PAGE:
Online Versus Face-To-Face Courses
by Jess Sides | published Jun. 25th, 2020
Online courses are becoming increasingly mainstream in universities around the world. With advantages and drawbacks to both online and face-to-face courses, which scenarios would be most beneficial for each?
The Pros and Cons
There are quite a few advantages to taking online courses. Julie Johannes, associate chair and principal lecturer of the English department, laid out a few of these.
“Taking online classes frees up so much time for sports or extracurriculars,” she said. “It’s also good for non-traditional students with child care or parents to care for.”
“Taking online classes frees up so much time for sports or extracurriculars.”
Online courses are particularly good to take in the summer if you need the credit hours. You can take the classes from anywhere in the world, and you don’t need to pay room and board to RIT. Johannes also mentioned that online classes are good for more restrictive majors, and can help to mitigate challenges with registration.
Charles Barber, fifth year Software Engineering major, suggested another advantage.
“You get to choose what to work on and when to work on it,” he said.
In contrast, face-to-face courses don't have this luxury. Johannes mentioned that you have less “wiggle room” in your schedule with face-to-face courses. Barber agreed by mentioning how missing classes can affect your grades, and can be harder to make up.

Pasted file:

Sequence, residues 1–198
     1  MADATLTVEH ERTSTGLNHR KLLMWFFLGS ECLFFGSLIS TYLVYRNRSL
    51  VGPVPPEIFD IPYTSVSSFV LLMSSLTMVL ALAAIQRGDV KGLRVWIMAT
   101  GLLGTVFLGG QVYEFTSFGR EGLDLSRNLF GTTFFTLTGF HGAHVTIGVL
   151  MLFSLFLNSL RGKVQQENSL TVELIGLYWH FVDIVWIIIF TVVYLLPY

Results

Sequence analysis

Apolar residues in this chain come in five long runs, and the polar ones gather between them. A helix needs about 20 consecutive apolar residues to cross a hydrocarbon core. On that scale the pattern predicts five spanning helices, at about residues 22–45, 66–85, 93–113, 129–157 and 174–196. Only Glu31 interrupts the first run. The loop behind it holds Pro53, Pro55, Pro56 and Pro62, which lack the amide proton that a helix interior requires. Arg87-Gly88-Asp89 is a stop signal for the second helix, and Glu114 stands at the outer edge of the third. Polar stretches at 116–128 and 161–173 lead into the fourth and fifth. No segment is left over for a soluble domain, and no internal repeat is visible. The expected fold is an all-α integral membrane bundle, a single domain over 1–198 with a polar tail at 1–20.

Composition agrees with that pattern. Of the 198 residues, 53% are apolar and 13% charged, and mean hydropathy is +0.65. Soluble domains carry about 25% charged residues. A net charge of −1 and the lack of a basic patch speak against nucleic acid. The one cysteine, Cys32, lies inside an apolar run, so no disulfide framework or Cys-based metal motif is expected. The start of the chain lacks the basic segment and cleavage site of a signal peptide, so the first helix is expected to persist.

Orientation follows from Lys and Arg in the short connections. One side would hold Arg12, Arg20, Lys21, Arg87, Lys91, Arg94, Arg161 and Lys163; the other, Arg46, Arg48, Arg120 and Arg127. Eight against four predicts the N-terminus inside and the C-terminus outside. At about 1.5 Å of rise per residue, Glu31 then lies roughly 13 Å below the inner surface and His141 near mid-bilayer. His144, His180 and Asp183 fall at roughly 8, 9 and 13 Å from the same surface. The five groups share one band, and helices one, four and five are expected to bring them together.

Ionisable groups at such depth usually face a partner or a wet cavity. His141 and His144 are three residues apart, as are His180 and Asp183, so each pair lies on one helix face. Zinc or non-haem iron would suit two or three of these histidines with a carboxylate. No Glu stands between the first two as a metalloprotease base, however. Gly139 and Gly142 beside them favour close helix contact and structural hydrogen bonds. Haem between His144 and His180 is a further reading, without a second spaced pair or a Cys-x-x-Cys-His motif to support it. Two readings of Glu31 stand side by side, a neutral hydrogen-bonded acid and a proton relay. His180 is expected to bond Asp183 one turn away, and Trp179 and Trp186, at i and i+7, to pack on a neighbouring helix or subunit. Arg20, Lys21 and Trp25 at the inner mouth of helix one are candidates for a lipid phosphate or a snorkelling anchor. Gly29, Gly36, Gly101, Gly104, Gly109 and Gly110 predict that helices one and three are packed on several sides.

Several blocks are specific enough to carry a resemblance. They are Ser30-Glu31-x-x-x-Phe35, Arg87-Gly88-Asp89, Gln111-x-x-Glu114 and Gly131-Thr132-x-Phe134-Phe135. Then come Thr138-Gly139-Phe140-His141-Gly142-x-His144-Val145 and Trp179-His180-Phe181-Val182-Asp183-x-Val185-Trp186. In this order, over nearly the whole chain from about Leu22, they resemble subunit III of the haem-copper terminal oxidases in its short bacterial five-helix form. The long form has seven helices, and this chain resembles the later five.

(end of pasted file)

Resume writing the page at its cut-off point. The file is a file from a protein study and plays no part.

Face-to-face courses do have their merits, though. You have regular accountability in those courses.
Barber agreed with this, stating, "You have an established meeting time. It's more rigid and you're more engaged with faculty."
On the other hand, the main drawback for online courses, as Johannes explained, is that there are “a lot of pathways to failure.” You don’t have the accountability that you get in face-to-face courses; there aren’t faculty constantly reminding you about what’s due.
“It sounds silly," Johannes said, "but it’s very easy to forget you have [the class] ... when you don’t log into myCourses every day and stay on top of things.”
Johannes also mentioned another advantage for face-to-face courses: there is less “lag-time.” If you ask the professor a question in class, more times than not you get an immediate answer. With online courses, you’re often waiting for a professor to email you back with an answer.
Johannes’s last advantage for face-to-face courses lies in relationships with faculty. If you want a letter of recommendation or a job reference, it’s better to build a relationship with the faculty member in person.
There are certain habits that often make online or face-to-face courses difficult for students. If you have poor time management skills, for example, it will be very difficult for you to take an online class.
“You have to be very responsible with your work; you need to set your own schedule,” explained Johannes. “ ... If you have trouble keeping to a particular schedule, you will have issues.”
If you're in this position, you can treat the class as if it were face-to-face. Schedule in time to work on the class each day.
On the other hand, social anxiety can make face-to-face classes a huge stressor.